Drone and the Dream House

Dream House 78′ 17″  (1974) is one of the very few recordings on vinyl released by minimalist composer La Monte Young. Side 2, Drift Study is in two parts.  The first, is an  section of “The Tortoise, His Dreams and Journeys”, which comprises of three  generated sine waves, two voices, trumpet and trombone. The second part, is only performed by the three sine oscillators, the oscillators were a custom design and make   by sound engineer Robert Alder, and are reported to be able to generate specific frequencies and voltages  of great stability in sound generation. 

The Dream House Installation, is a project created as a static sound environment  with a  complex array of sonic frequencies.  The Drone like sound  emanating through the Dream House Installation is performed  by  Sine Wave Generators, which are set to generate varying volume, time and space as you walk through the installation. By moving through the Dream House, listeners hear the sound frequencies as moments in time,  as they “… literally “pass through” them or the spaces in which their constituent frequencies simultaneously and continually sound.” (Grimshaw, no date,  p.38). 

On visiting the Dream House Centrepompidou-metz.fr (2018), inform us that, when“ …visitors step into such a space, they are bathed in light and music, literally immersed in colour and sound, and invited to experience all the subtlety of their nuances”. In addition as you step inside the Dream House Licht (2013) describes it as, “ you’re enveloped by a voluminous, dizzying chord emanating from four speakers – it fills the room with buzzing overtones that seem to appear and disappear with even the slightest movement of your head.”

The music for the Dream House started in the early 60s  at Yoko Ono’s apartment where Young put on the First  concert, where they had, “… tuned their instruments to the underlying drone of the city”, and replicated the  “… 60Hz hum of the city’s electrical system”, which happens to relate to  the note B1.

La Monte recalls in an interview with Alan Licht (2013)  for Red Bull Music Academy that “… it came to me like a vision in the ‘50s  that sustained tones were really necessary to allow music to evolve to a higher level”, but, “ … nobody  knows where the drones really came from, but we know that they are more prevalent in Indian classical music than anywhere else. Furthermore,  La Monte continues “ …once I had sine waves available to me  and frequency counters in my ear and oscilloscopes, I was able to put whole number ratios on an oscilloscope with lissajous patterns”, (lissajous pattern is a two or three  dimensional pattern that can move, at frequencies that are  not  stable. When frequencies are stable the pattern will appear fixed / still). Young finds it interesting that, “ … both sound and light are in the electromagnetic frequency range but sound is measured by the body completely differently than light (ibid).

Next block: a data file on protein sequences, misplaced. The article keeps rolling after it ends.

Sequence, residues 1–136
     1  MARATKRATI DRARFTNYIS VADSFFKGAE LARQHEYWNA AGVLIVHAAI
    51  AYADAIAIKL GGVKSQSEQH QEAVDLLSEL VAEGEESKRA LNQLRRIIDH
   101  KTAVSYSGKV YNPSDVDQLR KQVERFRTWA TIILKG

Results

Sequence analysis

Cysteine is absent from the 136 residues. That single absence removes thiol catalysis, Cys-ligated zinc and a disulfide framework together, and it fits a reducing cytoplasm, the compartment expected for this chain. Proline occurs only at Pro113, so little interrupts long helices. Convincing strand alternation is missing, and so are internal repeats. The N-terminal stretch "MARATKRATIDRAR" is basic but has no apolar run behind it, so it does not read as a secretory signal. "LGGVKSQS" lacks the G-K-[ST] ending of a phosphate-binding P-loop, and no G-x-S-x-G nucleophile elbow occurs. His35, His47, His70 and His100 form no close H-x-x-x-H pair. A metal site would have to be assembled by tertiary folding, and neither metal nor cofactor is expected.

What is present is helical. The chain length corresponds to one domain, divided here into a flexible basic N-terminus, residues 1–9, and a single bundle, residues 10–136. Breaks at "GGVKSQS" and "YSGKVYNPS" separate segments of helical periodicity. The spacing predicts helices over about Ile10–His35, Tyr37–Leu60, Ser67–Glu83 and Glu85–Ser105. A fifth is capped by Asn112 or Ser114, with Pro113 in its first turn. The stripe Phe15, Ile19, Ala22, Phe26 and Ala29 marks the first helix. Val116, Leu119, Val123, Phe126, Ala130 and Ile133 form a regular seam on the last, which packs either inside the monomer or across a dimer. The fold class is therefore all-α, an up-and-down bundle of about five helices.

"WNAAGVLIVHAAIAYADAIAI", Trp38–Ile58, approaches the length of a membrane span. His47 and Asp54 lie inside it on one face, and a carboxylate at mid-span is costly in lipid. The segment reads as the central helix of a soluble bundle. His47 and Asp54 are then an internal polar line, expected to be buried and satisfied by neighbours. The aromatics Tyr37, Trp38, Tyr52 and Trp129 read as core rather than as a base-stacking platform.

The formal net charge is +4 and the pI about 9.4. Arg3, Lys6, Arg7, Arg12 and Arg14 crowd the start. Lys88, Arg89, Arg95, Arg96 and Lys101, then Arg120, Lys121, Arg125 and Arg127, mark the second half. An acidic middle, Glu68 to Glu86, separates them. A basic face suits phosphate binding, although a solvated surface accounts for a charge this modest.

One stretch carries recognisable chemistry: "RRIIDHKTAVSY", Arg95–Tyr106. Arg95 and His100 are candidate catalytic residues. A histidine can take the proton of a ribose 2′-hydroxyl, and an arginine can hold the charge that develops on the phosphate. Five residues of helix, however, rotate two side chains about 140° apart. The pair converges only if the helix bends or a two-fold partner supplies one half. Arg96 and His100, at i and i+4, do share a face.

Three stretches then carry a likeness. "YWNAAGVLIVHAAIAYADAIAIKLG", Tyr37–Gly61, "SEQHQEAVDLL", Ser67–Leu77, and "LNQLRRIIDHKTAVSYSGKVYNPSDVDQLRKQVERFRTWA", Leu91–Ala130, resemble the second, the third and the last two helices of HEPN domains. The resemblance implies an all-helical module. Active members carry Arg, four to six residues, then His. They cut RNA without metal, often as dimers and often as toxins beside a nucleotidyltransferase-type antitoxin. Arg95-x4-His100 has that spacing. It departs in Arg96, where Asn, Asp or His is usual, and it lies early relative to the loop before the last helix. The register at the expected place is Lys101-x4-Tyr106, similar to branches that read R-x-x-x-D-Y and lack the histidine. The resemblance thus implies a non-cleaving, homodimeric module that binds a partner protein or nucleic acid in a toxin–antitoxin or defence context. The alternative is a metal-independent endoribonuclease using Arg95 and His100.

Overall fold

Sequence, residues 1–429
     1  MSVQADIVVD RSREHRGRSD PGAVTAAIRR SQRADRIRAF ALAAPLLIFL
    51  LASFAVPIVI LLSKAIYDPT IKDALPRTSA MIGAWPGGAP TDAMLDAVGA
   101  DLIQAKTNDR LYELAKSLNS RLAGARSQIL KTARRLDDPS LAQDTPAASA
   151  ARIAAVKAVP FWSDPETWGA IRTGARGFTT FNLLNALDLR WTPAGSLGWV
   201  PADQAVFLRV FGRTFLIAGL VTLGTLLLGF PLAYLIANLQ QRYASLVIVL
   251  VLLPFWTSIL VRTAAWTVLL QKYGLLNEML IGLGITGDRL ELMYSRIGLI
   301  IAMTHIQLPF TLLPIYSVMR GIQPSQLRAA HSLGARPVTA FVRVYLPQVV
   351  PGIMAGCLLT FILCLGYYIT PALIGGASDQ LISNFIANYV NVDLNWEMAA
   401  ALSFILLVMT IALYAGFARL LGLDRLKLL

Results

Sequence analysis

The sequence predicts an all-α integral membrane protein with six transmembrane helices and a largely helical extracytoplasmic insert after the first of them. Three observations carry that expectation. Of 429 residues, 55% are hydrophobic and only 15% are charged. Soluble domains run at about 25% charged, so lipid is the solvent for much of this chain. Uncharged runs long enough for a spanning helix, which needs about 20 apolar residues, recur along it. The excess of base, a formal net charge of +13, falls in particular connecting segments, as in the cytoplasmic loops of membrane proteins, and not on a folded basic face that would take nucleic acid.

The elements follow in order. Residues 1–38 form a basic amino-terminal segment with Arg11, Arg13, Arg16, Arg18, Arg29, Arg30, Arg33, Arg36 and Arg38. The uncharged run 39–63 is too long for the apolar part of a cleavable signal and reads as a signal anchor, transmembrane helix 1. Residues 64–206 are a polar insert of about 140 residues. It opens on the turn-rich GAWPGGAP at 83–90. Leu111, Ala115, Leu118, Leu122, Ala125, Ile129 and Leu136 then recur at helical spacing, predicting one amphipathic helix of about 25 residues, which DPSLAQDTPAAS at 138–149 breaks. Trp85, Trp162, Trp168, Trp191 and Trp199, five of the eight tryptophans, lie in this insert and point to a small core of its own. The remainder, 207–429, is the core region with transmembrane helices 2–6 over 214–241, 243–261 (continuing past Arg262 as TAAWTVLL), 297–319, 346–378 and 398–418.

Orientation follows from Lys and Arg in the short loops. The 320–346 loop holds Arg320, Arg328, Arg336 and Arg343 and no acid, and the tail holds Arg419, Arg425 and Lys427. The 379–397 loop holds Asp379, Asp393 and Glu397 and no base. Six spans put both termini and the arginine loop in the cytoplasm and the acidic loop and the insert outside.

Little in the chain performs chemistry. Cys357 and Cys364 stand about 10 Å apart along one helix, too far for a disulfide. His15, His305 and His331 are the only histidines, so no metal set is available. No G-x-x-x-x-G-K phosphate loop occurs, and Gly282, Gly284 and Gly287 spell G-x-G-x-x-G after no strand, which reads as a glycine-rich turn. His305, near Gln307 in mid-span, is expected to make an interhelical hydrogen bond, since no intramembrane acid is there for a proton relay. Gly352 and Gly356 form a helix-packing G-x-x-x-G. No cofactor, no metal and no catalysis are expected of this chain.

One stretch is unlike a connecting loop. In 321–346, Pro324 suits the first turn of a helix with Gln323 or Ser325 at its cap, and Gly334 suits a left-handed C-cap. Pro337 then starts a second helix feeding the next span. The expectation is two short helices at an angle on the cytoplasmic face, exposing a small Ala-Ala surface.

Bibliography

Centrepompidou-metz.fr (2018)  Exhibitions  La Monte Young, Marian Zazeela, Dream House, 1990. From 16th of June to 10th of September 2018 [Online]. Available at: https://www.centrepompidou-metz.fr/en/la-monte-young-marian-zazeela-dream-house-1990 [Accessed: 06 December2019].

Grimshaw, J.  (n.d.) The Tabula (not so) Rasa: La Monte Young’s Serial Works and the Beginnings of Minimalism, 1956-58 . p. 25-61 [Online]. Available at: http://labos.ulg.ac.be/cipa/wp-content/uploads/sites/22/2015/07/grimshaw.pdf  [Accessed: 06 December 21019].

Licht, A. (2013)The Hum of the City: La Monte Young and the Birth of NYC Drone[Online]. Https://daily.redbullmusicacademy.com/2013/05/the-hum-of-the-city-la-monte-young [Accessed: 06 December 2019].

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